A fun opportunity
A few weeks ago, a guide friend of mine told me about the American martens that have been hanging out at the Adirondack Mountain Club’s Adirondack Loj in Lake Placid. They have apparently been coming to scavenge at the dumpsters and campground for scraps for quite a while this winter, presenting a good opportunity to take photos of these medium-sized members of the weasel family (collectively called mustelids).
I immediately took the first day I could that offered nice weather for photos, and I went to look for the martens joined by a few family members who were visiting. But a blustery day kept us cold and the martens hidden, so we returned the following day and left happy thanks to much better luck with the martens. I’ve returned a few times since – the opportunity to watch martens isn’t one I want to turn down.
Human food and wildlife
Now, dumpster food isn’t what martens should be eating – it would be better if they didn’t snack on Doritos and Cheez-Its — but I’m sure they are finding nutritious tidbits as well as unhealthy food as they try to find enough to eat in order to make it through the long Adirondack winter. In addition to the human food they are finding, the martens are also catching rodents and other small mammals which are attracted to the calorie cornucopia. Someone I talked to saw one with a recently captured red squirrel, and on one of my visits I spotted a marten which had caught a short-tailed shrew – bounding off through the snow with its catch.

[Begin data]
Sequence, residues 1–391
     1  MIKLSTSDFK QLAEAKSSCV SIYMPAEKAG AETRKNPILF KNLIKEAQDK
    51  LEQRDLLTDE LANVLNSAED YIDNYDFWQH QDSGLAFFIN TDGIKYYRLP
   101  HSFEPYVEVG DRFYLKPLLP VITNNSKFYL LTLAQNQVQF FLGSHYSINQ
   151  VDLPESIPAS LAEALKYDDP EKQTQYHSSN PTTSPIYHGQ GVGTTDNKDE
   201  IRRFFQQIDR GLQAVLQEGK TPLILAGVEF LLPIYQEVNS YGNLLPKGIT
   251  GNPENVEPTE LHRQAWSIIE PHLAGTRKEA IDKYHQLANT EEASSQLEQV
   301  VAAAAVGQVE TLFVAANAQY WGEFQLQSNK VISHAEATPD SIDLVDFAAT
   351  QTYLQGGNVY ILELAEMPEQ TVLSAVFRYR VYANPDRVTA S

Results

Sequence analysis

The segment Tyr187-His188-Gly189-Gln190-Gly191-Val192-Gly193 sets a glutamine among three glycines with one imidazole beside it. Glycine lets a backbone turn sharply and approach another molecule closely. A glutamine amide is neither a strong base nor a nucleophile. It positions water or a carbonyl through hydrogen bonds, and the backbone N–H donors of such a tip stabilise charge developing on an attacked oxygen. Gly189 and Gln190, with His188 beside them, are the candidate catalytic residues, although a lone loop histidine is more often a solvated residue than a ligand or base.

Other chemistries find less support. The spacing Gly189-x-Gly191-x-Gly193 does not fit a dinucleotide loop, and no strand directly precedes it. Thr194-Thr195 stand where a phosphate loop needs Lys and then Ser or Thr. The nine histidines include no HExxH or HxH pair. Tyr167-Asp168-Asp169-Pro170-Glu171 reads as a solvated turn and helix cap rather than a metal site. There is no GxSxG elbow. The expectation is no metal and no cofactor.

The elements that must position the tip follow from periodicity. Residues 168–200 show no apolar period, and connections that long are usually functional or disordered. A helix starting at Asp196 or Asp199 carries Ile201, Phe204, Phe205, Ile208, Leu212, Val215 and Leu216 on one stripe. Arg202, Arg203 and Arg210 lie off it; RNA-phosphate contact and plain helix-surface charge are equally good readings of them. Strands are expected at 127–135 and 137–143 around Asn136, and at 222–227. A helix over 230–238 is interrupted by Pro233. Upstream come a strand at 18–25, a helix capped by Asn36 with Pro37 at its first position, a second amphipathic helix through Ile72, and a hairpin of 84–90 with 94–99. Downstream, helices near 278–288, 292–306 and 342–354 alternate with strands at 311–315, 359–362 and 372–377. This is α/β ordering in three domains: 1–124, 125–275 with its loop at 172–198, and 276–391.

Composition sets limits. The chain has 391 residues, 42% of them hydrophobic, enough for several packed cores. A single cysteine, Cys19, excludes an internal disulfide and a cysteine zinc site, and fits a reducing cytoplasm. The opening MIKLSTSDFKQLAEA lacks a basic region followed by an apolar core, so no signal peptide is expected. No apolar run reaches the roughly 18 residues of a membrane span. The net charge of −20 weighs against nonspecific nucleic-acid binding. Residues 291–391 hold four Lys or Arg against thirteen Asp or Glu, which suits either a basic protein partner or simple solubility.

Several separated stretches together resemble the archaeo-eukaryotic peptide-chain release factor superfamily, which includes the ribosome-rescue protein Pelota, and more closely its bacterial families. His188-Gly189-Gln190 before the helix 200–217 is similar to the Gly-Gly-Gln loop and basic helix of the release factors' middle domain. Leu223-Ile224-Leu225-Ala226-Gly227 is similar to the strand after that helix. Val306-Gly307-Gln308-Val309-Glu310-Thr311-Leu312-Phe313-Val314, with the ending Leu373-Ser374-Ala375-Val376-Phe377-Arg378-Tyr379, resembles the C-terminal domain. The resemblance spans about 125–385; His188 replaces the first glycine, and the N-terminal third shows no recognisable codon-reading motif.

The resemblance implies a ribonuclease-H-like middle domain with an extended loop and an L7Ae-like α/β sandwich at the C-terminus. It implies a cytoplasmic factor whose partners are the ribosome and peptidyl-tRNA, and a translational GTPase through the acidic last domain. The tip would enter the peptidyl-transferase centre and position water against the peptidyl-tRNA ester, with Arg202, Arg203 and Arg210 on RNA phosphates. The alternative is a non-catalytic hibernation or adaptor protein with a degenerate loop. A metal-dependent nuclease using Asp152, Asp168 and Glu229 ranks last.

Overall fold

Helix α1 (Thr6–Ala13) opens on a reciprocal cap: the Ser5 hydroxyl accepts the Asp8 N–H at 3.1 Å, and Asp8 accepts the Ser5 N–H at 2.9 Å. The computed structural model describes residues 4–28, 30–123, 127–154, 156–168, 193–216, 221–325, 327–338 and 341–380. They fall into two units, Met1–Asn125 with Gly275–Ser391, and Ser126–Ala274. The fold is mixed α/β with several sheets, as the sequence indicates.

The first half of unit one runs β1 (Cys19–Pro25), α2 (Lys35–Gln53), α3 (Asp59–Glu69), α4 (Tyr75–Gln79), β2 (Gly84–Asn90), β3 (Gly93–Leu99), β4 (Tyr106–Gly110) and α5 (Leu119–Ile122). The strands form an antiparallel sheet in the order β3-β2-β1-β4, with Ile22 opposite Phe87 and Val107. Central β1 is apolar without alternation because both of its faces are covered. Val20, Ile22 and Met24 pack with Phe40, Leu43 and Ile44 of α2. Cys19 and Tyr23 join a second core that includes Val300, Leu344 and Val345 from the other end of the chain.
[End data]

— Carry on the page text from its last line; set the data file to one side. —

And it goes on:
Such is the usual diet of American martens – recently split (as a species) from the European pine marten and the Pacific marten of the American west. But martens are opportunistic feeders, and besides their usual squirrels, mice, voles, shrews, and other small mammals, they will dine on carrion quite regularly, particularly during winter. Hence the ADK’s dumpsters and campground are too tempting to resist.
Martens are excellent tree climbers (and they can also swim quite well), and anyone who goes to see the martens at the Loj will likely spot them scrambling up and down trees. That said, they generally hunt for food on the ground.
One of the concerns for any animal that begins to feed on human food is that they can ingest trash like plastics or toxic items, which can make them sick or perhaps die. In addition, they can become too accustomed to humans and lose their natural fear of people, which could lead to disaster for them down the road. The martens I saw at the Loj were wary but quite tolerant of people – they have to be in order to permit so much commotion of people going this way and that. But the activity of hikers and people at the Loj is a different sort of activity than that of a highway or a main street lined with stores and roving vehicles, so hopefully the martens will remain safe as they find sustenance while winter ends.